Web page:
Marble Palace is a palatial nineteenth-century mansion in North Kolkata. It is located at 46, Muktaram Babu Street, Kolkata 700007. It is one of the best-preserved and most elegant houses of nineteenth-century Calcutta. The mansion is famous for its marble walls and floors, from which its name derives.
The house was built in 1835 by Raja Rajendra Mullick, a wealthy Bengali merchant with a passion for collecting works of art. The house continues to be a residence for his descendants, and the current occupants are the family of Raja Rajendra Mullick Bahadur. Raja Rajendra Mullick was the adopted son of Nilmoni Mullick, who built a Jagannath temple which predates Marble Palace, and still stands within the premises, but is only accessible to members of the family.
The house is basically Neoclassical in style, while the plan with its open courtyards is largely traditional Bengali. Adjacent to the courtyard, there is a thakur-dalan, or place of worship for members of the family. The three-storey building has tall fluted Corinthian pillars and ornamented verandas with fretwork and sloping roofs, built in the style of a Chinese pavilion.The premises also include a garden with lawns, a rock garden, a lake and a small zoo.
The house contains large quantities of Western sculpture and Victorian furniture, paintings by European and Indian artists, and other objets d'art. Decorative objects include large chandeliers, clocks, floor to ceiling mirrors, urns, and busts of kings and queens. The house is said to contain two paintings by Rubens, The Marriage of St. Catherine and The Martyrdom of St. Sebastian. There are also said to be two paintings by Sir Joshua Reynolds, The Infant Hercules Strangling the Serpent and Venus and Cupid. Other artists said to figure in the collections include Titian, Murillo, and John Opie.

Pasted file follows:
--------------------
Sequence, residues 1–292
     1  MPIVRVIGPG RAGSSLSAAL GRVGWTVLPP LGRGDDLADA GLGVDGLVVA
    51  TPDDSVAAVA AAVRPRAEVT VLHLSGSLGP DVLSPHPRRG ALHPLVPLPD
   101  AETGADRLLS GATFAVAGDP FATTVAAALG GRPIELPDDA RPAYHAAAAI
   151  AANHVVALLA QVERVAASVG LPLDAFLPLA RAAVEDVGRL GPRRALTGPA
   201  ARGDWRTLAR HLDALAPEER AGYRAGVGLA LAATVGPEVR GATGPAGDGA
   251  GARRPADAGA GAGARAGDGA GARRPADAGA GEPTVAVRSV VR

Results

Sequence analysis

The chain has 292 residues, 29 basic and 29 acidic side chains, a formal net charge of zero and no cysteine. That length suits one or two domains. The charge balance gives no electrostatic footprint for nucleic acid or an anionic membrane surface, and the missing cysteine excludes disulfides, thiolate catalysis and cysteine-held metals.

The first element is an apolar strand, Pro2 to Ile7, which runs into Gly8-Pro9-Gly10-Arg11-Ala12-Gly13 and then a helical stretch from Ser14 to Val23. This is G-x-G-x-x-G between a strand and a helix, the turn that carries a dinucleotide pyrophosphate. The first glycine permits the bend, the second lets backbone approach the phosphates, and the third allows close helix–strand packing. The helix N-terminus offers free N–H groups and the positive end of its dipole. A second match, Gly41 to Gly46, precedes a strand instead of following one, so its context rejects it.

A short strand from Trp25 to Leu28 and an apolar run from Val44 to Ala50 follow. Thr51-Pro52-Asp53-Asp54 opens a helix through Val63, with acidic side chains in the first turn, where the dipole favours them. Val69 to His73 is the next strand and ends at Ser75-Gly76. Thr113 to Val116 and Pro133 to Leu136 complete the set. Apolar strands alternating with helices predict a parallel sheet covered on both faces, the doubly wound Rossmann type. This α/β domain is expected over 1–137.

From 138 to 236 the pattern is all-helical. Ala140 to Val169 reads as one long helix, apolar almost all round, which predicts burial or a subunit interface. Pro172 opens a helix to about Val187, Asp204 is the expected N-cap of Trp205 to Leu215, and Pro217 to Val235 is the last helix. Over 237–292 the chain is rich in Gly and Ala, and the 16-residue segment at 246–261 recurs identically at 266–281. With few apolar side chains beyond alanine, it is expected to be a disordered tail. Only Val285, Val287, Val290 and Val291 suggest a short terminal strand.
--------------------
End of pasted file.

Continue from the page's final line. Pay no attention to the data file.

The collection of art objects is lavish, though random. Genuinely valuable pieces of art share space with a lot of kitschy art objects of little value. Geoffrey Moorhouse in his book Calcutta says it looks "as if they had been scavenged from job lots on the Portobello Road on a series of damp Saturday afternoons."
Located next to the palace is the Marble Palace Zoo, the first zoo opened in India, also by Raja Rajendra Mullick. It now primarily serves as an aviary, including peacocks, hornbills, pelicans, storks, and cranes. The menagerie also contains monkeys and several species of deers.
The final scene of the French novel Le vol des cigognes de Jean-Christophe Grangé takes place in the Marble Palace.
Because Marble Palace remains a private residence, photography is prohibited. Entry is free, but a permit must be obtained 24 hours in advance from the West Bengal Tourism Information Bureau at BBD Bag, Kolkata. Inside the house, there are guides who give visitors a tour of the house, although the parts of the house which are still inhabited remain off-limits. Marble Palace is open from 10am to 4pm on all days except Mondays and Thursdays.